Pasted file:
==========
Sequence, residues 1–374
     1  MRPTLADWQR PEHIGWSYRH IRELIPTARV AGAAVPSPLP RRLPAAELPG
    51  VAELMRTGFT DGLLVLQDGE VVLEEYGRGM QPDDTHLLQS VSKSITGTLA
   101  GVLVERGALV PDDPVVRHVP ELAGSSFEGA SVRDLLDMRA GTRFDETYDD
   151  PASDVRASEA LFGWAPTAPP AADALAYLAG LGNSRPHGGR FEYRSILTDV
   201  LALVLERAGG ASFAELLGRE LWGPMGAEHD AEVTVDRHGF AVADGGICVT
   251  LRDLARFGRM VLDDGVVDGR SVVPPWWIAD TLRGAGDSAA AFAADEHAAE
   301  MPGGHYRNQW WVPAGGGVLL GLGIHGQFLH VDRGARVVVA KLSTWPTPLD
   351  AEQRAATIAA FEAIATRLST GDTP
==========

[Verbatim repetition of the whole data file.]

Sequence, residues 1–374
     1  MRPTLADWQR PEHIGWSYRH IRELIPTARV AGAAVPSPLP RRLPAAELPG
    51  VAELMRTGFT DGLLVLQDGE VVLEEYGRGM QPDDTHLLQS VSKSITGTLA
   101  GVLVERGALV PDDPVVRHVP ELAGSSFEGA SVRDLLDMRA GTRFDETYDD
   151  PASDVRASEA LFGWAPTAPP AADALAYLAG LGNSRPHGGR FEYRSILTDV
   201  LALVLERAGG ASFAELLGRE LWGPMGAEHD AEVTVDRHGF AVADGGICVT
   251  LRDLARFGRM VLDDGVVDGR SVVPPWWIAD TLRGAGDSAA AFAADEHAAE
   301  MPGGHYRNQW WVPAGGGVLL GLGIHGQFLH VDRGARVVVA KLSTWPTPLD
   351  AEQRAATIAA FEAIATRLST GDTP